After one reactor at the Chernobyl nuclear power plant caught fire and exploded in 1986, the whole site was encased in a concrete sarcophagus.
The meltdown at the Chernobyl Nuclear Power Plant in 1986 exposed 572 million people to radiation. No other nuclear accident holds a candle to that level of public health impact.
White storks on road near Chernobyl, Ukraine. Many parts of the Chernobyl region have low radioactivity levels and serve as refuges for plants and animals.
How do we measure long-term impacts of nuclear accidents? Studies at Chernobyl and Fukushima show that radiation has harmed animals, birds and insects and reduced biodiversity at both sites.
Polonium is found naturally in uranium ore.
Polonium's chemical properties made it the ideal secret weapon for the assassins of Alexander Litvinenko.
Elk, deer and wolves are becoming increasingly common in Chernobyl.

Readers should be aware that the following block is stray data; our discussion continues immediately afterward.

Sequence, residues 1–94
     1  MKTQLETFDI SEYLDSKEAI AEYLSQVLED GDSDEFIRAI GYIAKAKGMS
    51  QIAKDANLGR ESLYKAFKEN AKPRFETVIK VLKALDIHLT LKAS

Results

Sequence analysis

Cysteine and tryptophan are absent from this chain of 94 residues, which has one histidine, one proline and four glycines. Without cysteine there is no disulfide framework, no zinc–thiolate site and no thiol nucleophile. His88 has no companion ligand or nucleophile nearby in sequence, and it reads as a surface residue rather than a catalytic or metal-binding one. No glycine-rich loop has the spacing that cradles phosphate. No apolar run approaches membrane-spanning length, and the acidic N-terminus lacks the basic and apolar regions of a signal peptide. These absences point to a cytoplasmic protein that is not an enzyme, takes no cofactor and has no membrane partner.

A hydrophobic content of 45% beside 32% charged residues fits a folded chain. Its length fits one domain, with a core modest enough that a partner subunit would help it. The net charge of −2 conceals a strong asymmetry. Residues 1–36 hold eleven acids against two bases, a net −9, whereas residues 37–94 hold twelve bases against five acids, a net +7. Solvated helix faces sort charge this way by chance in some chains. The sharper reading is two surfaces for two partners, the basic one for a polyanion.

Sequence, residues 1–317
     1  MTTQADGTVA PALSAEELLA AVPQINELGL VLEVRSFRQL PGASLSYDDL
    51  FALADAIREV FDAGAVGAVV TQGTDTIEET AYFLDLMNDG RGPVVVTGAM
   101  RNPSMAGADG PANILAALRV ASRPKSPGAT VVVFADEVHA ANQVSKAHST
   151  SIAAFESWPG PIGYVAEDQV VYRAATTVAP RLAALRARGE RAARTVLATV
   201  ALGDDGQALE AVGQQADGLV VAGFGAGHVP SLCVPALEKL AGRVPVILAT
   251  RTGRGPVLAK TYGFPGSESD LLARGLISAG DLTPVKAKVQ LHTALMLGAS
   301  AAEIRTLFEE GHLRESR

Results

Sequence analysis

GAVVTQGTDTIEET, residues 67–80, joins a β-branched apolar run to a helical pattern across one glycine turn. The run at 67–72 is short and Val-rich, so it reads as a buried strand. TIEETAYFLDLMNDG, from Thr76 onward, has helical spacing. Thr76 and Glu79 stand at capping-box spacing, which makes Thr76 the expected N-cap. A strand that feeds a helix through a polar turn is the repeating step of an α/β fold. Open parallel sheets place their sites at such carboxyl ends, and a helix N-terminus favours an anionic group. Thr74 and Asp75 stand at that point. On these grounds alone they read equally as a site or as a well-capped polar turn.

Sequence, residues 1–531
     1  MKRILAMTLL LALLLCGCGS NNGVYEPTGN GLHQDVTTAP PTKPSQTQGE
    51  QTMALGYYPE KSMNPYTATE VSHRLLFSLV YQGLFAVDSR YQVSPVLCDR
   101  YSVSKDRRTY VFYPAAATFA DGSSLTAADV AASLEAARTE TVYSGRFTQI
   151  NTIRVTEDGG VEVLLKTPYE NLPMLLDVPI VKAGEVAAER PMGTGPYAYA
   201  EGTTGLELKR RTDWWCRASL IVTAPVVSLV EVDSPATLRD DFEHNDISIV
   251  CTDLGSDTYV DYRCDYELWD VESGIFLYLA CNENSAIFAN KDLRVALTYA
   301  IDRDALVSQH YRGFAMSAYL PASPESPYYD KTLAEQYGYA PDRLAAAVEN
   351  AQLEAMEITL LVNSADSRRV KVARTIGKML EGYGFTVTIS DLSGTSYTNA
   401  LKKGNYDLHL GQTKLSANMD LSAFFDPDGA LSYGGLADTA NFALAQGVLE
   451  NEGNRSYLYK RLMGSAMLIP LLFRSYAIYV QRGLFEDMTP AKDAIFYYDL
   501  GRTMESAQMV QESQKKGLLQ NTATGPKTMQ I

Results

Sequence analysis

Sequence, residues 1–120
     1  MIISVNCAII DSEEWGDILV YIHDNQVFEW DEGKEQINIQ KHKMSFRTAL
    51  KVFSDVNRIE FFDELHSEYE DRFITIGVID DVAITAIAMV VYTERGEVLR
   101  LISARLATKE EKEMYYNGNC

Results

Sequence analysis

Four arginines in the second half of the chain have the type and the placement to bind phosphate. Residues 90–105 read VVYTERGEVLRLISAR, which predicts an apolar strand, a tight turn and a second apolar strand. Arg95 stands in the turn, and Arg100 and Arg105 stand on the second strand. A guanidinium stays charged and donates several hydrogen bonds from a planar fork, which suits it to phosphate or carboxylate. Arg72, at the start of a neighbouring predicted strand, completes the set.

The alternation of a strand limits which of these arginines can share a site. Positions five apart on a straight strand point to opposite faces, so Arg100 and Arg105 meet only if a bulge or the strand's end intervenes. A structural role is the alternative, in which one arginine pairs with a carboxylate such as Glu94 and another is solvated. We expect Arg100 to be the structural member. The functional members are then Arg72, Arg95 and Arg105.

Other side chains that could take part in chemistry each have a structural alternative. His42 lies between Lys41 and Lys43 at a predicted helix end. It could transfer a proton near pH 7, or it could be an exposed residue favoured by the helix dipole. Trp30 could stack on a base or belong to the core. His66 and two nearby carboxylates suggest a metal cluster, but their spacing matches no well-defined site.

Atomic cloud over Hiroshima.
By 509th Operations Group via Wikimedia Commons
Any nuclear weapon exchange or major nuclear plant meltdown will immediately lead to a global public health emergency. What can we learn from past events to help prepare?
Blowing up the desert – and people’s minds: the first atom bomb test in 1945.
The first atom bomb test seventy years ago today marks the start of a change in Americans' thinking about radiation. On balance, our nuclear anxieties endure today.
I really hope this is the right flag.
Radiation in space could lead to cognitive decline.
Not ideal to make music videos.
Space may seem calm, but it is a more hostile environment than that on Earth. Invisible radiation is a big problem for space enthusiasts and scientific instruments. Substituting electronic devices to do…